Matt — These are ALL good points. Thank you so much for responding and giving your feedback and it all makes a lot of sense. I understand the delicate balance you are trying to keep. While as a consumer and a very curious person, I'd be interested to know how much is generated for SFC by each restaurant during each week but can see why that is also something that you wouldn't want to do so as not to alienate any of your restaurant partners. I'm glad that you are bringing another unique restaurant week to town and think it's a really nice promotional opportunity for restaurants.

  • Matt Swinney

    Susan, thank you for the kind words. You guys are incredibly great to work with.

    Jodi,

    While I don't blame you, your comment about “5% doesn't sound very substantial” is exactly why event promoters don't lift up the hood publicly. In reality, you're damned if you do, damned if you don't.

    I'm not arguing that the Dining for Life event isn't a great model for them. That's great that restaurants are willing to give up that kind of donation and more power to them and to AIDS Services of Austin.

    Having said that, that's the abnormal model. The part that's not clear here is that AIDS Services of Austin does all the work themselves (I'm assuming). They use up incredibly valuable man-hours and that's essentially their “job” for the lead up and during Dining For Life.

    We're not a non-profit. We don't claim to be. We support a non-profit and there has to be a clear delineation there. WE use up the man-hours, SFC isn't asked to do that. WE secure the restaurants, WE manage the marketing, WE pay for it if there's a loss. In our model, the SFC (or any non-profit) is simply benefitting from us trying to create a profitable venture. Do we get something out of it? Sure. We get the ability to say “we're supporting the SFC” and we get the warm-fuzzy out of seeing what our donations can do.

    I don't want to get into what our financial model is, but suffice it to say that it's a win all the way around: consumers get a great deal at a fun restaurant, the restaurant gets great bang for their marketing buck and pulls in some traffic when they desperately need it, the SFC gets a nice donation without having to put significant time, effort or money into it and, yes, we turn a little profit. I will say one thing: the FLAVORS of Austin model puts risk on exactly one of those 4 groups: US. That's it. We have hard cost and no one else really does.

    One other thing I'd like to point out is that most restaurants statistically run at a 15% – 20% margin. So, for them to give up 15% – 20% of their gross sales during a time period is asking them to break-even. For some restaurants, even that's not a realistic option. I love Dining for Life and I'll continually support it (FLAVORS is not meant to compete with it at all), but it's taken them years to gain enough traction to ensure they can get enough restaurants involved to generate buzz and enough money to make it worth it.

    We can provide that almost instantly to take a lot of that risk away. Media partners, bloggers like yourself, others in the community for whatever reason listen to what we have to say, so it means that restaurants feel more comfortable about what they're giving up and the SFC knows it's not going to get hurt financially. When a non-profit goes out and does it themselves, they take a high level of risk. Yes, the reward is better in the long-term, but they may not have the ability to take that up-front hit. We're doing that for the SFC.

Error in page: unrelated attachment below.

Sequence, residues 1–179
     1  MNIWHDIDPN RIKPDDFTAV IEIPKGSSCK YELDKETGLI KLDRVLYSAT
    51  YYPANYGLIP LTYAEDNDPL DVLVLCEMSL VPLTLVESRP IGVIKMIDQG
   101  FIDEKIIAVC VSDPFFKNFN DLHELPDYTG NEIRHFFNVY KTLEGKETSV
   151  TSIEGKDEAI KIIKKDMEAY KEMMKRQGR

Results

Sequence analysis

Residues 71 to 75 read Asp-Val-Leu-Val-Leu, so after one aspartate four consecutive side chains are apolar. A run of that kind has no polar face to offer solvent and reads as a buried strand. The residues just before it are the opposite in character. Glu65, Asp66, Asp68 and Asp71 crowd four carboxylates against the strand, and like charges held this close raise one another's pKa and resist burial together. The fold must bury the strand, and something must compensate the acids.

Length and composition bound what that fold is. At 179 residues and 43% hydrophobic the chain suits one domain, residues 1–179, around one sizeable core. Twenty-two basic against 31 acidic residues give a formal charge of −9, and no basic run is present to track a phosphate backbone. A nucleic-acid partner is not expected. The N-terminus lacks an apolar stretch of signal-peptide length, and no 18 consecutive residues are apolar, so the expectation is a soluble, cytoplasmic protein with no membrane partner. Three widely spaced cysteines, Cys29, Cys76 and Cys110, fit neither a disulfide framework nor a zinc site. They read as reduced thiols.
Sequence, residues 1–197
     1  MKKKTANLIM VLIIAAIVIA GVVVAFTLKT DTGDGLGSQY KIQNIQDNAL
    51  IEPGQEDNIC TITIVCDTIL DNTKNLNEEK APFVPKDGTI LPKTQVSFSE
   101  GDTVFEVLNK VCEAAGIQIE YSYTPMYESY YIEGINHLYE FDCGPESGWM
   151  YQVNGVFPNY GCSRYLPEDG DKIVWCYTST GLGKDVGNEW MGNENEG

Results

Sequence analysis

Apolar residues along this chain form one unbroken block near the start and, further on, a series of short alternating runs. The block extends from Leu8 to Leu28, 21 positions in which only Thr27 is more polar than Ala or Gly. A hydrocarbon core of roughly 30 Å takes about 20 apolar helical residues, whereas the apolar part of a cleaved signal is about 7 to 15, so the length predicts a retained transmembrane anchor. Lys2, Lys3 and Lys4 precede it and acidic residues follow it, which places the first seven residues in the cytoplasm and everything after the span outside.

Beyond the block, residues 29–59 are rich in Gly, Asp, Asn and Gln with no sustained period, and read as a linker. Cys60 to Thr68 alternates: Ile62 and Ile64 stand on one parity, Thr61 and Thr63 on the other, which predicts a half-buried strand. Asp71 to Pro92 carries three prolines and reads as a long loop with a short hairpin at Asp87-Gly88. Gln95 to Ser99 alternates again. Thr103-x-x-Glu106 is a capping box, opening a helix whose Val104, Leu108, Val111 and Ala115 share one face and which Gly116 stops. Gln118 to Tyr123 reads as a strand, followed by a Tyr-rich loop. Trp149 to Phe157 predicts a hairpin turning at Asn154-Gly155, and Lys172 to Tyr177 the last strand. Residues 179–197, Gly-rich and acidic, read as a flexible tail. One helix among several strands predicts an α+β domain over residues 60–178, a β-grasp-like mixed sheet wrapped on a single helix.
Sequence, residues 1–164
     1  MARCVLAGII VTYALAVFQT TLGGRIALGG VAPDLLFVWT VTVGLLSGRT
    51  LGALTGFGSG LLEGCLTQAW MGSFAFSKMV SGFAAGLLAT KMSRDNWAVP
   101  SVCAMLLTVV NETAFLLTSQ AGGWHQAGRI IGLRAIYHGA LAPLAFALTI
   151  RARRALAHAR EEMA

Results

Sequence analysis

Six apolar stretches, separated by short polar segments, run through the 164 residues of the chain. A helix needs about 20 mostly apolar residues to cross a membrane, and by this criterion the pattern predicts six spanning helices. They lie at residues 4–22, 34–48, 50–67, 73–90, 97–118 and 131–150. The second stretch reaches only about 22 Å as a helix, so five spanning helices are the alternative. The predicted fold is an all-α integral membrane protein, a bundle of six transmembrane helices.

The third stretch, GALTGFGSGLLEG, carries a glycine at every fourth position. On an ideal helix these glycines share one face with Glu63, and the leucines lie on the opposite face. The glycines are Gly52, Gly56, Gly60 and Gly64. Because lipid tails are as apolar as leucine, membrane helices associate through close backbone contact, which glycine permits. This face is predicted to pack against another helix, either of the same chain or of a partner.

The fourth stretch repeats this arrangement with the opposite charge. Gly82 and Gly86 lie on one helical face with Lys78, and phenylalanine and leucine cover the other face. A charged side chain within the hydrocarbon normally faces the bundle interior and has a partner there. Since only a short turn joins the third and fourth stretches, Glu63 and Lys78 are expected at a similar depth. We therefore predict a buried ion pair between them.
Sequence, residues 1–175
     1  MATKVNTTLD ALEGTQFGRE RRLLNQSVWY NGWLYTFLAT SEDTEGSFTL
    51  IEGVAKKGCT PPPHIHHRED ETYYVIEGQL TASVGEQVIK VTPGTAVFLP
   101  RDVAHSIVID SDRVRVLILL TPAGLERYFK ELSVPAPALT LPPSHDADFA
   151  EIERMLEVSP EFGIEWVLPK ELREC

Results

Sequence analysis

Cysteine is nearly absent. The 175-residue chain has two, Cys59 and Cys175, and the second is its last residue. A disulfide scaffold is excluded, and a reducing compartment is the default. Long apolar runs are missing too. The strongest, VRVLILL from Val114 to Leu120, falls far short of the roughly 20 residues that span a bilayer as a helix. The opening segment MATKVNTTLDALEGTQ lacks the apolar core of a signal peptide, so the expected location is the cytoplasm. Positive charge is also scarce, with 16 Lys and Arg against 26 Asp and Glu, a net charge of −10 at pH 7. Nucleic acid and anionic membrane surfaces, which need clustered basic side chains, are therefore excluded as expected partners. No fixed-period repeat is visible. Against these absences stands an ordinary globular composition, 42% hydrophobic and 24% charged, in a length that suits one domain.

Finally, (I don't want this to sound like spilled milk or anything) it's tough as an event promoter to get called out on “portion of proceeds.” At the end of the day, we don't HAVE to do anything for a non-profit. We choose to. In my case, we choose to with every single event we do. Sometimes we do it without even telling the public. The original comments made in your first post are valid questions, BUT what I caution you against is this: if the SFC (or any other non-profit) felt like they were getting “used” so someone else could make money and it wasn't a good deal for them, they wouldn't do it. I can't attach their name and logo to anything without their permission legally, so you can rest-assured that they're ok with the deal we've offered them.

    I do think there's this misconception that the only people that make money during an event are the producers or promoters. It's simply untrue. You can look at my bank account to prove it! Yes, a lot of money can be made during an event. A lot. A lot of money can also be lost during an event by forces you can't control. A lot. The trick it to mitigate that risk by putting great partners around you that in turn help ensure success. I'll gladly share the wealth of a successful event if it means I have a great partner like the SFC involved. They help me mitigate that risk and the by-product is that we can provide a better product for the end consumer. Everyone wins.

  • jodibart

    Matt — These are ALL good points. Thank you so much for responding and giving your feedback and it all makes a lot of sense. I understand the delicate balance you are trying to keep. While as a consumer and a very curious person, I'd be interested to know how much is generated for SFC by each restaurant during each week but can see why that is also something that you wouldn't want to do so as not to alienate any of your restaurant partners. I'm glad that you are bringing another unique restaurant week to town and think it's a really nice promotional opportunity for restaurants.